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Mechanism and Pathway of the Water-Soluble Protein Hydrolysis under the Saturated Sub-Critical Water Condition

Wael Abdelmoez and Hiroyuki Yoshida. Center of Excellence Project at the Department of Chemical Engineering, Osaka Prefecture University, 1-1 Gakuen-cho, Osaka, 599-8531, Japan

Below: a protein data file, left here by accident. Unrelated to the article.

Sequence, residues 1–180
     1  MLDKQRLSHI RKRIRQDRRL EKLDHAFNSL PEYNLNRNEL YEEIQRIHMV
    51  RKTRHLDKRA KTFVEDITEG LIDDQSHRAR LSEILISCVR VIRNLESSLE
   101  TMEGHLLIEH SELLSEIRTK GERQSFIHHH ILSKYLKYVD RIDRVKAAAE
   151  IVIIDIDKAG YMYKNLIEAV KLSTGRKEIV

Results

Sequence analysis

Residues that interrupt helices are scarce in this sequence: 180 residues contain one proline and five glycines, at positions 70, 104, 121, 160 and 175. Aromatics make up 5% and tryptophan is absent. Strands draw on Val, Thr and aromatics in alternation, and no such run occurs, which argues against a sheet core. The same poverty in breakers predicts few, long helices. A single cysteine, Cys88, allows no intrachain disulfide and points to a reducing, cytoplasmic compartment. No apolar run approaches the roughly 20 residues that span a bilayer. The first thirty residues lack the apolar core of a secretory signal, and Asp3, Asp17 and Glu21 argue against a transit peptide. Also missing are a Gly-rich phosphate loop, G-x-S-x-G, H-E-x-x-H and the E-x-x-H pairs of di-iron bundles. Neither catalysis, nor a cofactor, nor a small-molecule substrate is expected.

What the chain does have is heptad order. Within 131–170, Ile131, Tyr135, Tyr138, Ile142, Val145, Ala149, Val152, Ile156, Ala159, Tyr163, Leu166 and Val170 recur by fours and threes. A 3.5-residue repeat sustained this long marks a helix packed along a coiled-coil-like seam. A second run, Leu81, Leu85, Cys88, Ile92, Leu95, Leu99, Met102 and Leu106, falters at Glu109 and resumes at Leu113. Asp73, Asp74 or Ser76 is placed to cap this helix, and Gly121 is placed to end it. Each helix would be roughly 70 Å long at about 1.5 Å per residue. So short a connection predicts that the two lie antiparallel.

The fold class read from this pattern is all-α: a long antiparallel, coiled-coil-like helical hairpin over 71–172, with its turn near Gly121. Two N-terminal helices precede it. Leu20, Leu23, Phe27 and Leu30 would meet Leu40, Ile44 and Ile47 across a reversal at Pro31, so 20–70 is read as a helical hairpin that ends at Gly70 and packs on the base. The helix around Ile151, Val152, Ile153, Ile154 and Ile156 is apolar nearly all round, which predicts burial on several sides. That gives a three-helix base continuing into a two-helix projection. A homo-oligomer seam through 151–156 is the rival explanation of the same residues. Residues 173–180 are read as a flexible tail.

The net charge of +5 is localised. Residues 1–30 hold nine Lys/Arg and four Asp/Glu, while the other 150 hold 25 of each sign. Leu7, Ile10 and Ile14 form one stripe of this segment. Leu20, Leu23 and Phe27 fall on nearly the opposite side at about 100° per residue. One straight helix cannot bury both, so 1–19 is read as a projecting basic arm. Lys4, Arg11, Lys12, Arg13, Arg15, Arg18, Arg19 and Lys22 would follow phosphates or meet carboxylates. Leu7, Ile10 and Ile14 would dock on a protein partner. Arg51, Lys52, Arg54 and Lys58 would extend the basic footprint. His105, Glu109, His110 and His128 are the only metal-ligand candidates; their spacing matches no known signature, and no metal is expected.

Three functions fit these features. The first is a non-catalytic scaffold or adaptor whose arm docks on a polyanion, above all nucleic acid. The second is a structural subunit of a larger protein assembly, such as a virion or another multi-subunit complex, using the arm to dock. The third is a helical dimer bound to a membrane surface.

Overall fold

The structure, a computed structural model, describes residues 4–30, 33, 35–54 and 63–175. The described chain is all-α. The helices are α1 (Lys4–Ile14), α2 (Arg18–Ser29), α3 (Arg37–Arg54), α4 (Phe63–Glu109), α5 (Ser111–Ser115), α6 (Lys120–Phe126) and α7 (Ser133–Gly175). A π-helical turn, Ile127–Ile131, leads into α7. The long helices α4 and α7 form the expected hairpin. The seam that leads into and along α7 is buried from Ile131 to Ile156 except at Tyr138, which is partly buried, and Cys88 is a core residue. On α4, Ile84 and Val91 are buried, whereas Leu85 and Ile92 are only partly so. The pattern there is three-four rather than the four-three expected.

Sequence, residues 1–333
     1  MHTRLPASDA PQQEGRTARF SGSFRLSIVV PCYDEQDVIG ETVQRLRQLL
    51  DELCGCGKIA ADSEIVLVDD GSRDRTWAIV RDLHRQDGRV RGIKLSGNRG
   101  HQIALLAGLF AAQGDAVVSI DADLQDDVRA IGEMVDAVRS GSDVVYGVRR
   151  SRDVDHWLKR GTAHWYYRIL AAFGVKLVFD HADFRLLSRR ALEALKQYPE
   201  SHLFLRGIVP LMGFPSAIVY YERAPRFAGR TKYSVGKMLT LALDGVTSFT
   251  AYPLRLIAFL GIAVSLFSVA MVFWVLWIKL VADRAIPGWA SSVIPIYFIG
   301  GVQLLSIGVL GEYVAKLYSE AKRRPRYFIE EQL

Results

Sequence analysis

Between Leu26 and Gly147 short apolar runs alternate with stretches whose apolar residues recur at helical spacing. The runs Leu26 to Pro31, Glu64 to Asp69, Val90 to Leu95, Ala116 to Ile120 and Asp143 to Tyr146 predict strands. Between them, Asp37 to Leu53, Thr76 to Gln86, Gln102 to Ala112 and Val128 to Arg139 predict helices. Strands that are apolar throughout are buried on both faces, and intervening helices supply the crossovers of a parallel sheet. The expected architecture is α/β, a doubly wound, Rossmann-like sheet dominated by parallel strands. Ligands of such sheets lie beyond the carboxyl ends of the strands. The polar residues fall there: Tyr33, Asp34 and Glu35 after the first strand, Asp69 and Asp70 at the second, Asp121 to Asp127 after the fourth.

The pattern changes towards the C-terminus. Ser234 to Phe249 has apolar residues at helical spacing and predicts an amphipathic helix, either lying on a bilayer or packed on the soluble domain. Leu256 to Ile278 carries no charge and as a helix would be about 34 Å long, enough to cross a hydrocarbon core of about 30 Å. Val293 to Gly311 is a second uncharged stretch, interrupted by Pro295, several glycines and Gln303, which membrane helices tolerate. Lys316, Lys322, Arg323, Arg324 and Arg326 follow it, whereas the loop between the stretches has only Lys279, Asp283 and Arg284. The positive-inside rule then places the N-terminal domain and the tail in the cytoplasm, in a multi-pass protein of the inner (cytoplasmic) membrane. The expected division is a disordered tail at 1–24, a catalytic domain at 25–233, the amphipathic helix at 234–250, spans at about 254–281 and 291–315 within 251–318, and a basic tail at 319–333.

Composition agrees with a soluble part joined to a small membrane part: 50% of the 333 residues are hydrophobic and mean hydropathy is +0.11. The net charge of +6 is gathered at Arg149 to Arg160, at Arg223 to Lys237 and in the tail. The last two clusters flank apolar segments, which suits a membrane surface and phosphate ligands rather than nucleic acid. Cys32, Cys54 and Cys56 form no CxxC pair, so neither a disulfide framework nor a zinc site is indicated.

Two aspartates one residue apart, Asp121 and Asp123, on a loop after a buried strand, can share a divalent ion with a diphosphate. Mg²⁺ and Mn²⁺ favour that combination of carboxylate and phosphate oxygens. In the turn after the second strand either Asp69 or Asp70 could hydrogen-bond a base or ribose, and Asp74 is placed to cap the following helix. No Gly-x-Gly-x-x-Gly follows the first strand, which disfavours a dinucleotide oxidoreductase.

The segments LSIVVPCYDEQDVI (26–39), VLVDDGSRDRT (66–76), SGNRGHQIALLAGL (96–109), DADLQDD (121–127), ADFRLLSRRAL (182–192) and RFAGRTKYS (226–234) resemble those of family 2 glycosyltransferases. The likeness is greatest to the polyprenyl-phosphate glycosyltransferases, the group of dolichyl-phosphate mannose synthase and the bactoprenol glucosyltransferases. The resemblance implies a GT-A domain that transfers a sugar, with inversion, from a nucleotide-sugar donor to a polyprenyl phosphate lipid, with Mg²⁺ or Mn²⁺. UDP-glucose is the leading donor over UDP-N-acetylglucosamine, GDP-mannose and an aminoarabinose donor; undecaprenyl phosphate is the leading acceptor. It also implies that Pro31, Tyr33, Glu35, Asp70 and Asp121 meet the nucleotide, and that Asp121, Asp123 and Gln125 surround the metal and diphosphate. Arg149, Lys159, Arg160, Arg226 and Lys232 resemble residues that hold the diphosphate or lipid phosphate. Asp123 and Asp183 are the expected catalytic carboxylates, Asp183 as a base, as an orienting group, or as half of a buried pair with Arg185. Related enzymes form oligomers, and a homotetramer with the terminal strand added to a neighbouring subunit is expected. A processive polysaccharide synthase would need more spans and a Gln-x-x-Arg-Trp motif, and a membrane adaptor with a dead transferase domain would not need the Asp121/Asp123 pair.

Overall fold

In the present work, the hydrolysis of water-soluble protein, bovine serum albumin (BSA), used here as a model protein, under the saturated subcritical condition (SSWC) in the range 200-300 oC was carried out. The products of the reaction were a water-insoluble solid phase and an aqueous phase. The results showed that BSA, under SSWC, passes through aggregation followed by gel formation process which resulting in the formation of insoluble solid aggregates. Then, BSA unfolded with releasing polypeptides as an intermediate product and finally low molecular weigh product such as amino and organic acids. The formed solids were found to be completely water insoluble with having many plastic properties. In our previous work we showed that the aggregation and gelation processes were enhanced dramatically under the SSWC to the limit that we were able to synthesizes a novel-protein based plastic with having a very strong polymer matrix using such formed solid aggregates.1 The present study provided more extensive analysis for the liquid phase for the sake of a primer understanding of the hydrolysis process. The results showed that the yield of the total organic carbon (TOC) in the liquid phase increases by the reaction time and reached a plateau after 10 min. Similarly, the yield of inorganic carbon (IC) increases by the reaction time but with a very high rate at higher temperatures. The time course of the concentration of amino acids in the aqueous phase produced during the SSWC reaction of BSA at four different temperatures, 200, 225, 275, and 300 oC for different interval times were presented. The results showed that there were almost no amino acids produced in the temperature ranges of 200-225 oC within 2 minutes and 275-300 oC within 0.5-minute. Subsequently, the amount of produced amino acids increased with the increase of reaction time with high concentrations at elevated temperatures. As a result of the amino acid decomposition, organic acids were produced and the yield of their productions increases with the increase of both reaction time and temperature. Among all produced organic acid, the pyroglutamic acid was produced with a very high rate up to a relatively long reaction time of about 40 minutes in the temperature range of 200-275 oC. Based on the obtained data it was possible to develop a general mechanism of the water-soluble protein hydrolysis under the saturated subcritical water condition.